This paper addresses nonlinear vehicle CA constrained to tire saturation conditions. Referring to schematic view of IVDC structure in Figure 1, the required body lateral force and yaw moment for vehicle motion are determined by a high-level sliding mode enhanced adaptive controller. The adaptive control methodology is utilized to update the perturbation and sliding mode control gains, so that the upper bounds of uncertainties are not required to be known in advance. Then, the body force and moment, along with the driver’s desired braking force, are allocated to individual lateral and longitudinal forces of each tire. Considering tires saturation induces nonlinear constraints in CA problem. To tackle this problem, we look into SCA and DCA methods for vehicle control. For static allocation purpose, the interior point is formulated and employed to solve the nonlinear inequality constrained optimization problem. To formulate dynamic allocation control for the proposed problem, a dynamic update law is derived and utilized in the IVDC scheme. The desired lateral force of each tire by CA modules is mapped into the corresponding active steering angle through an inverse tire model. In addition, the desired longitudinal forces are tracked by a low-level slip-ratio control scheme. Simulation results are conducted to evaluate the effectiveness of each method.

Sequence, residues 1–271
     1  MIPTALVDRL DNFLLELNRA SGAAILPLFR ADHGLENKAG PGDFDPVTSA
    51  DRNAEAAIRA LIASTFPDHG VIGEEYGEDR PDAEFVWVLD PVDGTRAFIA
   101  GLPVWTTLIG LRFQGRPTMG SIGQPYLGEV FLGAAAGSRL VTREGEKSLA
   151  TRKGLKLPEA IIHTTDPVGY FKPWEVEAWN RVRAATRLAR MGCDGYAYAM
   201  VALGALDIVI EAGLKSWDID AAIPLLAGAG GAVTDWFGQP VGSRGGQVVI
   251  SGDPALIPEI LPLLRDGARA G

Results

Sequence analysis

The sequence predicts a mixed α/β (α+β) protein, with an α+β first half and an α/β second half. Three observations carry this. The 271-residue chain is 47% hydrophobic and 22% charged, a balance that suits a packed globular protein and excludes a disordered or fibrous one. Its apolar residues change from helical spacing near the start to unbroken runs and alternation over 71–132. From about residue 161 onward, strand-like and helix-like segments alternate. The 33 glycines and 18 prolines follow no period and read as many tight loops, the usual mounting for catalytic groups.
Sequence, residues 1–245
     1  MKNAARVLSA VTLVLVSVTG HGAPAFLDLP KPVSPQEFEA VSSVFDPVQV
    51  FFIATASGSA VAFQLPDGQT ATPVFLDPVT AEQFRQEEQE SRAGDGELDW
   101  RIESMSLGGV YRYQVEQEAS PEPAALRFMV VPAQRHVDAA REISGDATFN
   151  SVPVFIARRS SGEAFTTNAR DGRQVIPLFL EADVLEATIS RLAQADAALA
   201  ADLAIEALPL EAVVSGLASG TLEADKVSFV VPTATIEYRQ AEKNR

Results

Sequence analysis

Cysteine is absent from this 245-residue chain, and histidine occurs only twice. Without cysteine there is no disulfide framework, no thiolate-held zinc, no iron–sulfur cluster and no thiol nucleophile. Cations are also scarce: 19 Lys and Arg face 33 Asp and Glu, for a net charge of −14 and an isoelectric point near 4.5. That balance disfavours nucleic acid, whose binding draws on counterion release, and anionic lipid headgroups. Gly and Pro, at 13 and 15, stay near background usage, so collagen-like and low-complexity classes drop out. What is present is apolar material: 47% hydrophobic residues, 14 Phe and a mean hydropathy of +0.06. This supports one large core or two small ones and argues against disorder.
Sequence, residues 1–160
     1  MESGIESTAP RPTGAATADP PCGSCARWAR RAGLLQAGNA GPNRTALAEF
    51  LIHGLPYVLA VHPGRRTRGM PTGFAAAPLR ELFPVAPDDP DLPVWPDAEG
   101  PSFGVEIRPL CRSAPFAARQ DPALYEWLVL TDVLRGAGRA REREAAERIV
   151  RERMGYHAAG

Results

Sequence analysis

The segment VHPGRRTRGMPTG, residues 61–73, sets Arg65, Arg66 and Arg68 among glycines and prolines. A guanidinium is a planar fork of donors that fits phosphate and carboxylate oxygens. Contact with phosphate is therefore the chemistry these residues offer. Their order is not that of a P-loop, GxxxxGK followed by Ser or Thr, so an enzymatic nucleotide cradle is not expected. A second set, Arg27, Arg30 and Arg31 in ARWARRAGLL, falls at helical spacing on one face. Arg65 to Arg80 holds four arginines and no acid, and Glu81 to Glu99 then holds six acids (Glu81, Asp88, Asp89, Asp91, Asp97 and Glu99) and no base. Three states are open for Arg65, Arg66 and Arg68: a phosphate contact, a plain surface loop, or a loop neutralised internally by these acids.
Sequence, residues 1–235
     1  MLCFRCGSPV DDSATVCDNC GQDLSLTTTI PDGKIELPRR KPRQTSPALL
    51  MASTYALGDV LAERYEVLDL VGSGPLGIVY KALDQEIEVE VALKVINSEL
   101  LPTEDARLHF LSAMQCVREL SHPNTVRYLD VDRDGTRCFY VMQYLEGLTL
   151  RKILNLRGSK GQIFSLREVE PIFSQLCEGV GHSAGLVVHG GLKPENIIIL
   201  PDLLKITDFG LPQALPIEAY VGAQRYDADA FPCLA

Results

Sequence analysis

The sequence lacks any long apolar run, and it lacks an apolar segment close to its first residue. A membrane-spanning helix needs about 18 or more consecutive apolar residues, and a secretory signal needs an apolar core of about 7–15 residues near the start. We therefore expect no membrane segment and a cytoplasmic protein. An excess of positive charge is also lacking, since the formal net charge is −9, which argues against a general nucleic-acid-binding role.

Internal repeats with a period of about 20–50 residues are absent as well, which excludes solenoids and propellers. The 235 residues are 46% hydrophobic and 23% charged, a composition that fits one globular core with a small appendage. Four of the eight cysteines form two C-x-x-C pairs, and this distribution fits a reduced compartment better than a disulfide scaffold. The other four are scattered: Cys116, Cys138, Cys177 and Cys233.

The rest of the paper is organized as follows. The high-level control is described next. Section 3 presents the formulation of optimal distribution of tire forces in IVDC considering nonlinear tire saturation constraints. In Section 4, the SCA is formulated based on the interior-point method. In Section 5, the DCA approach is utilized to derive an optimized dynamic update law for individual tire forces. The low-level slip-ratio controller has been addressed in Section 6. Sections 7 and 8 are devoted to simulation results and concluding remarks.